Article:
How to Grow Onions

Learning how to grow onions is one of the best ways to allocate your garden resources, because onions are used in so many recipes and dishes. You may be like me and not like raw onions in the least, but even then, cooked onions are useful in enhancing the taste in foods ranging from Italian pasta dishes to Indian curries.

If you want to enjoy the freshest onions, grow them fresh in your own in personal garden, or even on an indoor vine. Homegrown onions aren’t hard to upkeep and should be fresher and higher quality than those bought at the store. You’ll also be secure, knowing that no harmful pesticides went into the production of your crop, and therefore trace amounts of pesticides don’t end up being consumed by you and your family.

Besides that, growing your own food helps you feel fulfilled and rewarded and closer to the soil. Once you’ve learned how to grow onions, you can nurture a living entity through its natural life cycle and live in symbiosis with your property, by eating what you grow on your own land.

Why Write About Onions?

This article details all you need to know about onions and the processes used in planting onions, growing and harvesting this bulbous vegetable. I’ll give you a list of the materials and tools you need to start your onion project, along with general information about onion plants. Then I’ll list the steps necessary to the actual process of growing onions from seeds or onion part, and the planting stage all the way to harvest.

Finally, I’ll offer brief onion tips, to guide you through the process.

Learning about Onion Growth

Onions are confused with tuber plants, because the vine they grow on produces a bulbous fruit submerged in the ground for a food source. However, onions are just another form of vegetable and this bulbous fruit is the part that you cut up and eat in your foods. Onions aren’t considered official fruit, because they don’t bear seeds, which is one thing that distinguishes fruit from vegetables.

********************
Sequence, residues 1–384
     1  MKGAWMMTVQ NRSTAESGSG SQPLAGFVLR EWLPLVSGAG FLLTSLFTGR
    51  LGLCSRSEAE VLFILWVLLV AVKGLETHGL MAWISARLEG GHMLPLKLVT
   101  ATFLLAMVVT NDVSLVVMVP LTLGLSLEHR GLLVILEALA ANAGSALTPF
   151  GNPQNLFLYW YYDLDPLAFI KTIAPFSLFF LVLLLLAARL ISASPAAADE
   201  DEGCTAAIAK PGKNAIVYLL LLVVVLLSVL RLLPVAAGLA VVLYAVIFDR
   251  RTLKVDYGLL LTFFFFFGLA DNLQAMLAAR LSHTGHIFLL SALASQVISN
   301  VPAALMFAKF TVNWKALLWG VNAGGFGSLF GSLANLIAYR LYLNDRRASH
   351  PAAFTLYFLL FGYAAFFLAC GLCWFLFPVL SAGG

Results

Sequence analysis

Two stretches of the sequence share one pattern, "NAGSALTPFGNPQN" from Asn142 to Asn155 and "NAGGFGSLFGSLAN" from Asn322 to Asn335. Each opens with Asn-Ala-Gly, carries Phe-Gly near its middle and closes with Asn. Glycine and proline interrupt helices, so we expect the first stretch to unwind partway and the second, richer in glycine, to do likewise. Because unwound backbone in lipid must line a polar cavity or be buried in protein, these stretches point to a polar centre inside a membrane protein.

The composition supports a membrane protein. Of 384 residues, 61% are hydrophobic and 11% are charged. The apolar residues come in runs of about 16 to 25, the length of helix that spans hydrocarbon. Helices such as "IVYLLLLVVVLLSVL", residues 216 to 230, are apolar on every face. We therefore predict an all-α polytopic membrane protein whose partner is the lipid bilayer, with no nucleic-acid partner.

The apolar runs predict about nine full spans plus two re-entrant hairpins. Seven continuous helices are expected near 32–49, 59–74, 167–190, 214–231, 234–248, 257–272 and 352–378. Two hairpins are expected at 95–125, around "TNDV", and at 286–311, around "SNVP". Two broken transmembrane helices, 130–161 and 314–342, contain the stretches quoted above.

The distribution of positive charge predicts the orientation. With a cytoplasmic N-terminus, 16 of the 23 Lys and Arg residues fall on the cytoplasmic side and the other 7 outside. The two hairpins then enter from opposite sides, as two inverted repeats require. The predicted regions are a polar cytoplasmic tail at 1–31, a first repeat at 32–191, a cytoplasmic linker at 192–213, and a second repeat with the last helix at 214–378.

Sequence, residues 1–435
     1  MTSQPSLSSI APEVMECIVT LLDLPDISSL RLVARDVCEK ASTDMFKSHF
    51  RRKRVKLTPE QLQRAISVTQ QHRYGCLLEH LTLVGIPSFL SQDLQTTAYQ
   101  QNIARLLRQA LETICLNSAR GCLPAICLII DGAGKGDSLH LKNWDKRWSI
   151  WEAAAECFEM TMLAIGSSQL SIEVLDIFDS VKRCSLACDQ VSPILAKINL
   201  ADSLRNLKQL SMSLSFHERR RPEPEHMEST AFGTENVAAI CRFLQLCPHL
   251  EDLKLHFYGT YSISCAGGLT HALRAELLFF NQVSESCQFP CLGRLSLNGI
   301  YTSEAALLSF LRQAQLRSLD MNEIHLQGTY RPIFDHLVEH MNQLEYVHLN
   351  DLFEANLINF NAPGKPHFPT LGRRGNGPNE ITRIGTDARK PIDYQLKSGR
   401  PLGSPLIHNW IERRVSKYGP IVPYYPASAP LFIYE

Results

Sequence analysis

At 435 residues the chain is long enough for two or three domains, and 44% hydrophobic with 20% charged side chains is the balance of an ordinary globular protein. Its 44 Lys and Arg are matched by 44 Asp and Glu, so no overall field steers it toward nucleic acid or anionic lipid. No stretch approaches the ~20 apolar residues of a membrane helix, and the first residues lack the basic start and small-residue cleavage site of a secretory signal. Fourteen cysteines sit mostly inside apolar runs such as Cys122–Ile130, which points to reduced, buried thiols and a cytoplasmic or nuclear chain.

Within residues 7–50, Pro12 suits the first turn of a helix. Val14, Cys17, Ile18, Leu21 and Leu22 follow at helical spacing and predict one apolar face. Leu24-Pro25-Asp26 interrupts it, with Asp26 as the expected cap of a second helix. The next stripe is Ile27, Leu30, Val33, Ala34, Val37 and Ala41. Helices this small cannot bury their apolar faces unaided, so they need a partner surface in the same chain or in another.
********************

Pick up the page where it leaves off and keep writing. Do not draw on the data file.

Onions are a global food. You’ll find different onions all over the world, where they find their way into food dishes in every known culture.

Onions are hardy little plants and don’t require a lot of special care, which probably accounts for their widespread dissemination. Onions thrive in environments that other plants might wither and die in. However, you’ll need to gather a few things to start your onion project.

How to Grow Onions

How to Grow Onions

Grow onions outdoors in a personal garden, since the fruit part you harvest grows deep in the ground compared to other, smaller plants. Onions have a vertical growth vine you must account for. However, it’s possible to grow onions in a controlled indoor environment, if you live in an inhospitable environment or if the seasons are against you.

Regardless of where you grow your onions, you’re going to need the following.

Onion Growth Technique

Onions grow best when you start with an existing onion plant, though seeds also work, in a pinch. Seeds might be easy to come by and cheap, but they take 8 to 10 weeks longer to grow than an existing plant part.

Either way, the process is much the same. Whether you choose to plant your onion plant indoors or outside in your garden, you want an area of soil to plant that gets about 6 hours of sunlight each and every day.

Growing Onions

The soil mixture should be moderate; try 1 part soil enhancement or fertilizer for every 3 parts soil. Onions low maintenance plants, though you have to watch out for maggots and worms, which are their primary enemies.

You can insure your onion crop by adding nematodes to your soil, which eat these onion predators. Once your soil base is ready, you’re primed for planting onions.

Soil for Onions

Till the soil and dig at least 8 inches down with your spade, before you place the seeds or onion parts into the soil. Cover the embryonic plant with soil and lightly water the whole thing. You want to nurture your plants by providing roughly an inch of water every week – no more and no less.

When the plants begin to grow and the bulbs peek out of the soil, add more soil and enhancement mix to cover it back up again, allowing for further development. Harvest your crop when the tops of the onion vine are about 6 inches tall.

Keep in mind, however, that the bigger the onion bulb grows, the stronger the taste is when you eventually harvest it. This might be desirable for those who like a particularly bold onion taste, though many prefer to harvest more moderate tasting onions when considering how to grow onions.

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